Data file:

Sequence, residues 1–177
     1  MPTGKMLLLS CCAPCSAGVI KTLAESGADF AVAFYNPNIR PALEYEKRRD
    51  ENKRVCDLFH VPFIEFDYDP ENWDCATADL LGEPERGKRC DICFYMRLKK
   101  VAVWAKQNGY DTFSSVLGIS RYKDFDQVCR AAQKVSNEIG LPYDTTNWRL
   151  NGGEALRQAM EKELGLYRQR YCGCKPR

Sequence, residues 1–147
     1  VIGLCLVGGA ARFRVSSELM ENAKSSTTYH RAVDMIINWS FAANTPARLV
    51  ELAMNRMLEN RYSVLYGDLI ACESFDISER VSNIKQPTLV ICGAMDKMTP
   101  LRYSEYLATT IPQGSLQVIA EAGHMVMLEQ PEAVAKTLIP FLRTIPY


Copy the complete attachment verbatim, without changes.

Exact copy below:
Sequence, residues 1–177
     1  MPTGKMLLLS CCAPCSAGVI KTLAESGADF AVAFYNPNIR PALEYEKRRD
    51  ENKRVCDLFH VPFIEFDYDP ENWDCATADL LGEPERGKRC DICFYMRLKK
   101  VAVWAKQNGY DTFSSVLGIS RYKDFDQVCR AAQKVSNEIG LPYDTTNWRL
   151  NGGEALRQAM EKELGLYRQR YCGCKPR

Sequence, residues 1–147
     1  VIGLCLVGGA ARFRVSSELM ENAKSSTTYH RAVDMIINWS FAANTPARLV
    51  ELAMNRMLEN RYSVLYGDLI ACESFDISER VSNIKQPTLV ICGAMDKMTP
   101  LRYSEYLATT IPQGSLQVIA EAGHMVMLEQ PEAVAKTLIP FLRTIPY